Kind Hearted Woman (image) A special collaboration between FRONTLINE and INDEPENDENT LENS tells the story of a Kind Hearted Woman struggling to raise her two children, further her education and heal herself from the wounds of sexual abuse she suffered as a child. Presented in two parts, David Sutherland's film captures this compelling portrait of 32-year-old Robin Charboneau, an Oglala Sioux living on North Dakota's Spirit Lake Reservation.

--Part 1 (Mon., April 1, 9:00 pm)
--Part 2 (Tues., April 2, 9:00 pm)

Angela Lansbury (image) America's most passionate music preservationist returns in a star-studded third series of MICHAEL FEINSTEIN'S AMERICAN SONGBOOK:

--In Show Tunes (Fri., April 5, 9:00 pm), Stephen Sondheim, Angela Lansbury (pictured right) and Christine Ebersole discuss great American musicals and favorite composers, perform show tunes and reflect on their careers. Feinstein discusses his own relationship with Ira Gershwin and performs the classic "Lullaby of Broadway."

--Let's Dance (Fri., April 5, 10:00 pm) looks at dancer Fred Astaire, favored by Irving Berlin, Cole Porter and the Gershwins. Feinstein explores the marriage of music and choreography, while Liza Minnelli musically deconstructs a dance number.

Simply Ming (image) Many of Hawaii's Portuguese residents trace their ancestral homeland to the Azores. SIMPLY MING (Sat., April 6, 5:30 pm) is On the Road in the Azores again, this time visiting Caldeira do Santo Cristo. With local vintner Fortunad Garcia, Ming creates four unique small dishes using classic Azorean ingredients.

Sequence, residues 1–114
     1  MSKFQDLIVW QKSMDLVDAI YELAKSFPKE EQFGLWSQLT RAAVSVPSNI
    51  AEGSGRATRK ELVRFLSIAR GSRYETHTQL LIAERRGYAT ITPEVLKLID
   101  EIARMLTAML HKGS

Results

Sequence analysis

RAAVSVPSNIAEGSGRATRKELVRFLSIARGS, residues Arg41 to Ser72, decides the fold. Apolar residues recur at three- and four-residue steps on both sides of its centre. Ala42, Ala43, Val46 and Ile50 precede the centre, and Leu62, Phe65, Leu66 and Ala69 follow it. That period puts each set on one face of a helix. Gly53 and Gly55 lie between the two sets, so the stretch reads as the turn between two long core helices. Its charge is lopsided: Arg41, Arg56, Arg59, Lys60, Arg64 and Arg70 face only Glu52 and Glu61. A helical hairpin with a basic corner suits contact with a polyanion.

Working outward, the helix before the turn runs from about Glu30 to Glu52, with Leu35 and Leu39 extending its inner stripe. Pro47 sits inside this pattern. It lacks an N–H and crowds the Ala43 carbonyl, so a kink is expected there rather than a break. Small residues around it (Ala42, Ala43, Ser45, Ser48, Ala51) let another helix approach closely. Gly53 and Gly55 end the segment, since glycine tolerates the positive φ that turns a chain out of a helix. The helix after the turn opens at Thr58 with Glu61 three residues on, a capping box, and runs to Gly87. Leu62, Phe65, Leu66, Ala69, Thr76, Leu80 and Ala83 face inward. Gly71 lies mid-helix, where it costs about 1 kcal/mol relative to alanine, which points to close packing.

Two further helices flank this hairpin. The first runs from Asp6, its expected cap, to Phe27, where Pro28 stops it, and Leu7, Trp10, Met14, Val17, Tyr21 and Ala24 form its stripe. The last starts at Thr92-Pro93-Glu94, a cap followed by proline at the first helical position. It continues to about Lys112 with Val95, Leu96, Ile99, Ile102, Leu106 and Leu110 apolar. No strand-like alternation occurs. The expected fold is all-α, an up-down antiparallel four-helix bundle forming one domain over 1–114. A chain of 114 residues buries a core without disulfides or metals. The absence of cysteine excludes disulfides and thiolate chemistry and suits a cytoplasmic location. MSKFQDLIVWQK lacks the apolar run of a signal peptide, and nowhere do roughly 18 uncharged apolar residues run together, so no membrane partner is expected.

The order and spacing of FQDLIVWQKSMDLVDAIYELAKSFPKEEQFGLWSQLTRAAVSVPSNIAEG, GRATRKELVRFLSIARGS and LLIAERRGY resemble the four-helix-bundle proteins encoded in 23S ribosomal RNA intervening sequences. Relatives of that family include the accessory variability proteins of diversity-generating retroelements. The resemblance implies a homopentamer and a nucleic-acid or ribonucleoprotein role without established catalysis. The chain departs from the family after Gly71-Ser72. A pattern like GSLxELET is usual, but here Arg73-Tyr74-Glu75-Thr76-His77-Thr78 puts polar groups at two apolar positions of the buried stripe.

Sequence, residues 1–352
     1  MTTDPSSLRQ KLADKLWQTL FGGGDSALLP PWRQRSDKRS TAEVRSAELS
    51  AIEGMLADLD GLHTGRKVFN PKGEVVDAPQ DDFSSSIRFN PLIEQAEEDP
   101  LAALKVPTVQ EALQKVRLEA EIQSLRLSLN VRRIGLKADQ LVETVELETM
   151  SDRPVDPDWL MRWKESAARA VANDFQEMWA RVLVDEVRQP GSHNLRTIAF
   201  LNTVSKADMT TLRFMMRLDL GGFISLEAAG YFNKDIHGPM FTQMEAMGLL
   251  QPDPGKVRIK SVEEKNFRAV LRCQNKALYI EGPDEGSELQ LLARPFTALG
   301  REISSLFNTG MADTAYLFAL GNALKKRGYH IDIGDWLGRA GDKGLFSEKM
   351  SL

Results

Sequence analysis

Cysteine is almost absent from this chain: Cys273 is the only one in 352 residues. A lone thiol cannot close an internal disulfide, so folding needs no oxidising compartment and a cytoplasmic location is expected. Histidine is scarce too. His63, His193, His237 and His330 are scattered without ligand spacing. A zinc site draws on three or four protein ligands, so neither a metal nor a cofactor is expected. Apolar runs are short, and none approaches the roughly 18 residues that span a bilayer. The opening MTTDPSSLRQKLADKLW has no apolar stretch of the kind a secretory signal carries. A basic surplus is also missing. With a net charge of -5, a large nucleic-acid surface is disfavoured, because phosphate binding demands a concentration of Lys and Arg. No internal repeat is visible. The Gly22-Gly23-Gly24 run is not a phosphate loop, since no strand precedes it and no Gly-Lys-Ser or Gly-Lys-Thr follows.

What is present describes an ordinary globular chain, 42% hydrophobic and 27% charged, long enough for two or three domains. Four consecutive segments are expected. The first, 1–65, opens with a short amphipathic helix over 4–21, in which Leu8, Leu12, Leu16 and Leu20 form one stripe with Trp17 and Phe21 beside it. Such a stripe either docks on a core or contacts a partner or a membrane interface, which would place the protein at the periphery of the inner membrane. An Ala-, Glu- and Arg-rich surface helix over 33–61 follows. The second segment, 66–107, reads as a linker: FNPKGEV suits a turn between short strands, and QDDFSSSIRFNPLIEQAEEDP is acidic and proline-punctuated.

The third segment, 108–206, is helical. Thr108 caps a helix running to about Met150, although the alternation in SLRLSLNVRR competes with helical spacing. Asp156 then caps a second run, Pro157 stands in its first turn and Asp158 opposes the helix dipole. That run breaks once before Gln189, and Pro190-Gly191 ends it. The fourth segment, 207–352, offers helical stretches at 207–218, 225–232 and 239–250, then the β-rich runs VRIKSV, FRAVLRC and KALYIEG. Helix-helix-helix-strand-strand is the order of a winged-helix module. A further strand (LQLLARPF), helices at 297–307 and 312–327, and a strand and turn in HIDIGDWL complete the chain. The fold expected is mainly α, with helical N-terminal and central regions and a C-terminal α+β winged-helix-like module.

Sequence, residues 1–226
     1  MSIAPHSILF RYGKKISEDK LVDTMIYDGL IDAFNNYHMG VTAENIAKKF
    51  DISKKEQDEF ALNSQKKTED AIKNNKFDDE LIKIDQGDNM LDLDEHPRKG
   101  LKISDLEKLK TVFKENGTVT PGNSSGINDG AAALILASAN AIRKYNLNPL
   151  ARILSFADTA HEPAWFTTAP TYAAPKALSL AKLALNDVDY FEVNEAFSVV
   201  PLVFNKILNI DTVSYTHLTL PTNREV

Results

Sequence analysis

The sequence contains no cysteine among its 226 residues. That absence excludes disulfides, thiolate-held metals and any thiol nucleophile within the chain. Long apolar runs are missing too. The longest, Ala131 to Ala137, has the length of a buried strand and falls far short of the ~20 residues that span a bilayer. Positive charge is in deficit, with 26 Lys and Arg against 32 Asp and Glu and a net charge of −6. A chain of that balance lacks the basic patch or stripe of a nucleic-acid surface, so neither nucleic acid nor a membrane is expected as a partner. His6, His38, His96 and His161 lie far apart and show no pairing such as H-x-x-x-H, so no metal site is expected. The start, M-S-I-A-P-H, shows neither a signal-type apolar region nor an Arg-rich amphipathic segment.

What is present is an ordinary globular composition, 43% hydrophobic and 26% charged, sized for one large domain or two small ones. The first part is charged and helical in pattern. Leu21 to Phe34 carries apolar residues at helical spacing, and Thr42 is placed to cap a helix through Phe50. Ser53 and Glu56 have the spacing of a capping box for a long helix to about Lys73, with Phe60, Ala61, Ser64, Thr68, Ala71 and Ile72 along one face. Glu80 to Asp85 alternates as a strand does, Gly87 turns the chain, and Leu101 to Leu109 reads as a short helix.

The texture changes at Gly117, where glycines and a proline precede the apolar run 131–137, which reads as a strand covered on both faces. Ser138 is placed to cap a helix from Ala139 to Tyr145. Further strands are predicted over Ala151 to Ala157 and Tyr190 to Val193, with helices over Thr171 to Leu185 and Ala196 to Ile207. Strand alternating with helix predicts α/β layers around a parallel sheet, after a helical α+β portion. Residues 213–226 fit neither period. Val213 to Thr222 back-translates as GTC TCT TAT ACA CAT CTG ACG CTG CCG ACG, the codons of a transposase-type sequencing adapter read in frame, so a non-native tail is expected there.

On the next RICK STEVES' EUROPE (Sat., April 6, 7:30 pm), Rick travels to Florence: Heart of the Renaissance, where he gazes at Michelangelo's David, enjoys Botticelli's Birth of Venus and climbs the dome that kicked off the Renaissance.

Bitter Seeds (image) Genetically modified foods are both praised and vilified in the debate over how to feed the growing world population. Bitter Seeds (Sat., April 6, 8:00 pm) explores the controversy between biotechnology advocates and opponents concerned about the environment and the impact GMOs could have on small-scale farmers (pictured right).

Serving America: Memories of Peace Corps (Sat., April 6, 10:30 pm) shares the experiences of some of the 3,000 volunteers who served during the early years of the Peace Corps.

Encore picks of the week:

PBS HAWAII PRESENTS (Thurs., April 4, 9:00 pm) looks at a family of craftsmen whose name has become synonymous with the gold standard of ukulele makers. Heart Strings: The Story of the Kamaka 'Ukulele offers insight into how this family of businessmen and artists works together to preserve the Kamaka tradition.

Seisen! (image) SEISEN! THE RISE AND FALL OF THE JAPANESE EMPIRE 1905-1945 chronicles the militaristic history of a proud, ambitious warrior nation, from Japan's victory in the Russo-Japanese war to its defeat in World War II. The 90-minute program is presented in two parts, airing back-to-back.
--Part 1: (Sat., April 6, 9:00 pm)
--Part 2: (Sat., April 6, 9:45 pm)

For more program listings by genre, click here.

I invite you to visit my blog, anytime, at http://leslienotes.typepad.com/

Mahalo for supporting this public service broadcaster, a rare locally owned and trusted source of news and information. PBS Hawaii's mission is advancing learning and discovery through storytelling that profoundly touches lives.

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A hui hou kakou -- until next time,

Leslie Wilcox
President and CEO
PBS Hawaii
2350 Dole St.
Honolulu, Hawaii 96822
Ph. 808.372.6055